Extracurricular Activities and the College Application

College admissions officers first look at test scores, grades, and the rigor of courses students take in high school. However, what are also important in the admissions process are a student’s extracurricular activities. Students are a representative of the college they attend, and it goes without saying colleges care about the character of the people they admit to their school. Extracurricular activities are a good indicator of what a student does during his or her time spent outside of school. In other words, what a student is doing over summer vacation and on the weekends, gives admission officers a good idea of what kind of individual they are considering admitting to their college.

No doubt about it, volunteerism is very important; however, admissions officers are looking for real hands-on involvement. There is a difference between the student that volunteers once to collect money for a charity and the student who spends every Saturday helping clean up city parks. The student that dedicates more time is the one that is most likely to receive an acceptance letter.

Most colleges aren’t terribly picky about how you spend your time outside of the classroom as long as it is apparent you are doing something meaningful. While they won’t be able to notice that you spend four hours a day on your smartphone, they will notice if there is a lack of activities on your application. As long as you can make evident to the admissions officers that you have accomplished something meaningful, that you are committed, have initiative, and demonstrate leadership skills, you are on the right track.

When admissions officers evaluate extracurricular activities, evidence of leadership and dedication are taken into consideration during the admissions process. Leadership is a word that comes up frequently during the admissions process and it very well might be what separates a student who is granted admission from those that end up waitlisted. Leadership can take many forms including designing costumes for the school play, creating and maintaining a group’s website, and organizing a fundraiser for the school’s library, The more selective a university or college is the more judiciously a student’s leadership role is assessed.

Your freshman year of high school is the perfect time to explore multiple activities as you continue to discover what you are good at and what motivates you. By sophomore year your list of activities should be trimmed down and your focus should be on the three to four projects that you are generally interested in and enjoy. Remember, if you do not find it exciting and gratifying you are less likely to stick with the activity. By the time your junior year rolls around, you should have established the activities you feel the most passionate about and should attempt to become an officer, leader, or president. Now is the time to go beyond being just a member. During your senior year visiting various colleges and the college application process will begin to take up a lot of free time, so now more than ever it is important to be certain that your extracurricular activities are ones that are meaningful and fulfilling. Students should try and stay involved in their extracurricular during their summer vacations. Colleges are always interested to see any indication that students have done something more than play video games during their break from school.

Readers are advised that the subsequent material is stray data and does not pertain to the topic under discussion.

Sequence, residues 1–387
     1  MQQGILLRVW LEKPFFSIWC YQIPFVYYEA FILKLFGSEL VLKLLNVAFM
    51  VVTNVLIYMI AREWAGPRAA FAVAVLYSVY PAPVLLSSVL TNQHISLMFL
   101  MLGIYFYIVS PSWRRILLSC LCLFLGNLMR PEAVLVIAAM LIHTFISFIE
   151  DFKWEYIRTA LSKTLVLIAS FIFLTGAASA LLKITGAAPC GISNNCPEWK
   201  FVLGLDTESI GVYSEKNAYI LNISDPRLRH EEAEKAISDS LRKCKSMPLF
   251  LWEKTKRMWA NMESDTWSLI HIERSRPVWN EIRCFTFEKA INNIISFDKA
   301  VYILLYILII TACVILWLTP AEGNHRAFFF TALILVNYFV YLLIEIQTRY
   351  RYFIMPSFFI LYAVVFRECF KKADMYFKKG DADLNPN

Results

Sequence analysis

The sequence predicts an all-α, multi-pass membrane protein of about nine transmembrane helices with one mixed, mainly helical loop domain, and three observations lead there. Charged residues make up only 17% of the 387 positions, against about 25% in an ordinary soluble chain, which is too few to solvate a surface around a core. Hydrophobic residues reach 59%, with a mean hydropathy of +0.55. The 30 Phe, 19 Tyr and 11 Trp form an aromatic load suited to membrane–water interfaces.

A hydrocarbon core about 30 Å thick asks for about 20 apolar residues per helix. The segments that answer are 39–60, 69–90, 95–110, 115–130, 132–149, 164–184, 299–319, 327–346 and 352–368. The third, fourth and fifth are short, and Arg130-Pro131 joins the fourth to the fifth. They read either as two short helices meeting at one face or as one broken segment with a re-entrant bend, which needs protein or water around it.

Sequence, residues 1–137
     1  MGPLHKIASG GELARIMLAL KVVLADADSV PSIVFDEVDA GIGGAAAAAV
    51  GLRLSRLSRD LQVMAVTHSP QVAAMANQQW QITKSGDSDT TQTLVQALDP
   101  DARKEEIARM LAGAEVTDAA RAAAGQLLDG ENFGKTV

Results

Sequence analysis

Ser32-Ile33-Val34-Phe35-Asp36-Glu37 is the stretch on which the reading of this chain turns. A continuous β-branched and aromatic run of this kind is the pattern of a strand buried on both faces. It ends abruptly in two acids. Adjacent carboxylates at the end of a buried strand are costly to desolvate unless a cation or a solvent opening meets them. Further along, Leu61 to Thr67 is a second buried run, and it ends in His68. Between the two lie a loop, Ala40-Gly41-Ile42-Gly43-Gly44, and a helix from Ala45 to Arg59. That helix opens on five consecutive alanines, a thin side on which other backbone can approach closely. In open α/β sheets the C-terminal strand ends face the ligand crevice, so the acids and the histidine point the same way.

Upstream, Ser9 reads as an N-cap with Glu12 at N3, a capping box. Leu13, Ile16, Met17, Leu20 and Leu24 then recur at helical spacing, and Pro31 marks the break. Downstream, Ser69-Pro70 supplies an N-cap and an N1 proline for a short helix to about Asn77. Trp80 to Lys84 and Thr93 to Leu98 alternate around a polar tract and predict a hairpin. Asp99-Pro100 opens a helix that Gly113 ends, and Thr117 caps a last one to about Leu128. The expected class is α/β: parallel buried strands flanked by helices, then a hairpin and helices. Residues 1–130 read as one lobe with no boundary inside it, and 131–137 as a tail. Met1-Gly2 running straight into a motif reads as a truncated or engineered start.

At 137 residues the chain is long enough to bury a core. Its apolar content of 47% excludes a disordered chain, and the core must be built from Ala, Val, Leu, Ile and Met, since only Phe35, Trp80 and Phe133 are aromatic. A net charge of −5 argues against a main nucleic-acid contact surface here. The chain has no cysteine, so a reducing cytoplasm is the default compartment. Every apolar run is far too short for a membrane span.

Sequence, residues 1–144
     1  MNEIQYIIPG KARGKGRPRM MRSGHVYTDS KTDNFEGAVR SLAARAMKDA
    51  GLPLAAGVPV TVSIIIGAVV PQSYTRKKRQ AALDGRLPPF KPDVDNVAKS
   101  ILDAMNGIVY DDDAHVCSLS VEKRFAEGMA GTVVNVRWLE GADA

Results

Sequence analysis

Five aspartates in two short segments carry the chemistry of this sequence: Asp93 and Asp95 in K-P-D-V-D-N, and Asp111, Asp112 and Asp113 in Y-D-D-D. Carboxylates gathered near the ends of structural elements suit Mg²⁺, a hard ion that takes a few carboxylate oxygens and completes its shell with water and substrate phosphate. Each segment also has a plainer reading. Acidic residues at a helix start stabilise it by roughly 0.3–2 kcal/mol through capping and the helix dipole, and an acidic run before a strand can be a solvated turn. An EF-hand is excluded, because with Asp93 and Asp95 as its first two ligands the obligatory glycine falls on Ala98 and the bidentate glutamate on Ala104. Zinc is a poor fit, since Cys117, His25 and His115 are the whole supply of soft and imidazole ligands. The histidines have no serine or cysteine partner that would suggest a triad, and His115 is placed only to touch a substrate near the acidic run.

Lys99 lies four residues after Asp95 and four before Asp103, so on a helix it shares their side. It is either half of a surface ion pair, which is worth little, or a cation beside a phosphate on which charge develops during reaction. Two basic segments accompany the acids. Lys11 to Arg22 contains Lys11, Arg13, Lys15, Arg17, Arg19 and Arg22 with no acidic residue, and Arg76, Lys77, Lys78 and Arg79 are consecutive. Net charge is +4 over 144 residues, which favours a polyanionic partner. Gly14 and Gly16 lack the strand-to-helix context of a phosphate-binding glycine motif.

When choosing activities, your talents, skills, and academic interests can come together to make sense of who you are and who you want to be. Try to participate in activities that are related to and support your future major. You may not know what you want to do with your life when you are 17, but if you have a good idea of what you want to focus on when you eventually attend college, begin pursuing these fields sooner rather than later both inside and outside of the classroom. If you are thinking about majoring in journalism become a staff member of your school’s newspaper. A lawyer? Join your school’s debate team. Whatever your interest, find an activity that supports it. If your school does not offer programs or activities to support your passion for the trumpet, see if you can found a music club.

But before you decide to sign up for all of the activities your school and community offers, remember that quality outweighs quantity every time. Put simply, an overlong list of activities is not noteworthy in the eyes of the admissions officer. Dedication to your chosen extracurricular activities shows the value of your involvement. While Student A may attend nearly every club her school has to offer, Student B only joins two but is more involved, organizing outings for the environmental club and being the vice president of the school’s drama club. The level of involvement is more important to the admissions office than breadth. Use the time spent on extracurricular activities wisely by trying things that interest you and then choosing the ones that are the most meaningful to focus on.

Extracurricular activities are one key way students can exhibit their individuality and showcase their passions, and perhaps most importantly, in the admissions process, appear more interesting and potentially superior to the other applicants.


Michael W.

UCLA Instructor / SAT ACT Expert

400+ hours
if (isMyPost) { }